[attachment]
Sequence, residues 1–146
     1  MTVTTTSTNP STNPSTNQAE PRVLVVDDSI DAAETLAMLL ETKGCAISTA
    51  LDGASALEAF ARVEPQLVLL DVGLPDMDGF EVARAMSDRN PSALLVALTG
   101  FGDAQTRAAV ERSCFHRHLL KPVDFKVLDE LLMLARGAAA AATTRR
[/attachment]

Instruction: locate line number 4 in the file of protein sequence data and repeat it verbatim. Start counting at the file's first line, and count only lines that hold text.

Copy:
   101  FGDAQTRAAV ERSCFHRHLL KPVDFKVLDE LLMLARGAAA AATTRR